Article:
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Speech, Language and Communication Needs

What are Speech, Language and Communication Needs?

Speech, language and communication are crucial for reading, learning in school, for socialising and making friends, and for understanding and controlling emotions or feelings.

A child with speech and language needs or SLCN:

  • might have speech that is difficult to understand
  • they might struggle to say words or sentences
  • they may not understand words that are being used, or the instructions they hear
  • they may have difficulties knowing how to talk and listen to others in a conversation

The term speech, language and communication needs (SLCN) encompass a wide range of difficulties related to all aspects of communication in children and young people. These can include difficulties with fluency (stammering), forming sounds and words, formulating sentences, understanding what others say and using language socially (Gascoigne 2015). Children with eating and drinking difficulties can also be referred to speech and language therapists where there is a physiological problem with a child’s swallow. Much research has been devoted to looking at the at risk groups for children with SLCN. The main at risk groups are:

  • Boys
  • Summer born children
  • English as an Additional Language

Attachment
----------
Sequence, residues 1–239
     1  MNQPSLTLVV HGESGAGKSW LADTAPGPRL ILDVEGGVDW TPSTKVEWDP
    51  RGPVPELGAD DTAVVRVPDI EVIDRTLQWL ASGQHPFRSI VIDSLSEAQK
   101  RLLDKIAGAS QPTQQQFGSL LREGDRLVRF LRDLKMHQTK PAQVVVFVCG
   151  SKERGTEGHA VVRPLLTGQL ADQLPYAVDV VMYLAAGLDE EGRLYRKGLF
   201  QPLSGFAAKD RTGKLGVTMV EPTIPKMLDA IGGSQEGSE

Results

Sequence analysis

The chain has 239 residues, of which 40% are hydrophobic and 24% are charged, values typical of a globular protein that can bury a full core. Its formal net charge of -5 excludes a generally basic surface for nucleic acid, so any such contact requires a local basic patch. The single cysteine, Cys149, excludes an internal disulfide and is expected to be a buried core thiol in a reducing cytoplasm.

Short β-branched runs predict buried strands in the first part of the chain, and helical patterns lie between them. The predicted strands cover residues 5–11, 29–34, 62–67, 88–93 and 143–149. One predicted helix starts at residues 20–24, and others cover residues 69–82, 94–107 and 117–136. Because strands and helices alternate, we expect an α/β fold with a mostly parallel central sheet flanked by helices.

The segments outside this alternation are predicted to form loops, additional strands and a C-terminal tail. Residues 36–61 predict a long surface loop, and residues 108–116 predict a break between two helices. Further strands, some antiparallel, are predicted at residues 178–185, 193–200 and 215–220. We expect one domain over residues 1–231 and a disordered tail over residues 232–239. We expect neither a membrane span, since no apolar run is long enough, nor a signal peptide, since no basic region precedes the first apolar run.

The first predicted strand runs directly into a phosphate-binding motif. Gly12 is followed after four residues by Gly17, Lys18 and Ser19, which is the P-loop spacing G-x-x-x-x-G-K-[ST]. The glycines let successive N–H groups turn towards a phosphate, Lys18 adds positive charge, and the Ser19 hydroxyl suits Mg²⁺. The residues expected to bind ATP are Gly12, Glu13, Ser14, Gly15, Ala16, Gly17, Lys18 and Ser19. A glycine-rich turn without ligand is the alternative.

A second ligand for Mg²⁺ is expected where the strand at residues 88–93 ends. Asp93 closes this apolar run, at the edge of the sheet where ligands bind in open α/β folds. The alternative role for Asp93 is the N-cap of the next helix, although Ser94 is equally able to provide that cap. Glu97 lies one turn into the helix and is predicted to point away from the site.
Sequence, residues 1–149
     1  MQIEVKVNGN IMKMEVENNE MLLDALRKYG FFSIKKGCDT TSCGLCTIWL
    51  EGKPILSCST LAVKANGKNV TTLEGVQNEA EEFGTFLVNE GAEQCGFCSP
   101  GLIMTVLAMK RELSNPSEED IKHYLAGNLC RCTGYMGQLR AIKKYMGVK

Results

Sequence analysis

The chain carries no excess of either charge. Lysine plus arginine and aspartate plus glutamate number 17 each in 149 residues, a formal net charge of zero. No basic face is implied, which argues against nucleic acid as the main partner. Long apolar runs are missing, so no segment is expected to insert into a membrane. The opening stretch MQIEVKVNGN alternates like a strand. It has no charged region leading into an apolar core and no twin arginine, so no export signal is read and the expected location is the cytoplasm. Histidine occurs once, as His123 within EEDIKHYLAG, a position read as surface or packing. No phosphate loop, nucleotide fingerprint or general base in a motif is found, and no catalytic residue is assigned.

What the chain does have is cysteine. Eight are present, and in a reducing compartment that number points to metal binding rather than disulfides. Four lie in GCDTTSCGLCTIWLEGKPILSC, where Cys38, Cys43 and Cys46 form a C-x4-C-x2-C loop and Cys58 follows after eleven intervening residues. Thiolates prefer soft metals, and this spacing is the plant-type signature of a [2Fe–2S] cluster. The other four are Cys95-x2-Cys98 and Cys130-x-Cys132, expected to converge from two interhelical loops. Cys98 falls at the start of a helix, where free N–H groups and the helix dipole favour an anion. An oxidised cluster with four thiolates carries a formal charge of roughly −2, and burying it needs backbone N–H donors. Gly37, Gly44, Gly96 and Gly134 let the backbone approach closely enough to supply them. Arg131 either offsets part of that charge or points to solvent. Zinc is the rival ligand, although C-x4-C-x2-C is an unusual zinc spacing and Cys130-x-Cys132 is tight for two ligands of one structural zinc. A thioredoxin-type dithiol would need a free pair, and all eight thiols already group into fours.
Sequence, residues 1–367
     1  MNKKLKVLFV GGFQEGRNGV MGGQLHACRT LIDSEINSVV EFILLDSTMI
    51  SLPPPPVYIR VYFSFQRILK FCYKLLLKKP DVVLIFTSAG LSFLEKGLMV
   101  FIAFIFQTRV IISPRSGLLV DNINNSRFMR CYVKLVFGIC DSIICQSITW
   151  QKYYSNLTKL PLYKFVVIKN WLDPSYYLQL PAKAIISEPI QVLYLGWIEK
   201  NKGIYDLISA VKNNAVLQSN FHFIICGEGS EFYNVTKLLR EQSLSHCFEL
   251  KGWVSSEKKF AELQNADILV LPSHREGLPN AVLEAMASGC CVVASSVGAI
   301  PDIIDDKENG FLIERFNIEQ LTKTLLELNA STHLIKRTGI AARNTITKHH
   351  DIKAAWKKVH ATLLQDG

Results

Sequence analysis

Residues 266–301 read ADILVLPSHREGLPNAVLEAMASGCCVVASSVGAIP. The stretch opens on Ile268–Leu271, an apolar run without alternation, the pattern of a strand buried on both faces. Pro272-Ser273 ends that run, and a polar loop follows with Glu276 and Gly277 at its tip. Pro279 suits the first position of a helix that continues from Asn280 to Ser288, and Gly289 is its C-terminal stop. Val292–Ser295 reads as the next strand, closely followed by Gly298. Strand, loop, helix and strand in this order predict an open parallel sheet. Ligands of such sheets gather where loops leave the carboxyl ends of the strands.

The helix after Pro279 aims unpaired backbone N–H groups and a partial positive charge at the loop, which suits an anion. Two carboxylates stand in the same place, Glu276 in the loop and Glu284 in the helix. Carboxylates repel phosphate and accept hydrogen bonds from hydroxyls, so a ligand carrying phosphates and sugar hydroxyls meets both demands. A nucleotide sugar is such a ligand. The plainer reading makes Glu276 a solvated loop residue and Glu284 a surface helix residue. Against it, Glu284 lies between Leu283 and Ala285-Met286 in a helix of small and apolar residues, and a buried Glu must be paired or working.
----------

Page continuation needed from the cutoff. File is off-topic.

• Socially disadvantaged
  • Ethnicity
  • Family history of speech, language and communication disorders.


Speech, Language and Communication Needs, or SLCN, is quite common. It is estimated that around 10% of children starting school have SLCN – that’s approximately 2-3 in every classroom.



Causes of Speech and Language Needs

Speech, Language and Communication Needs can occur as a result of hearing loss, general developmental needs or as part of a disability or medical syndrome, such as Down Syndrome, Cerebral Palsy or Autistic Spectrum Condition.

Difficulties with talking can also present as a child’s main area of need but without an obvious cause. You may become aware of this if your child is late to talk.

The majority of children, who are late to talk, do not develop persisting difficulties with talking. It is important to distinguish late talkers who go on to ‘catch up’ from children who go on to have persistent difficulties so that appropriate help can be put in place as soon as possible.

The risk factors for persisting problems include:

  • A family history of difficulties with talking or reading and writing and

  • A child having difficulties understanding what others say.


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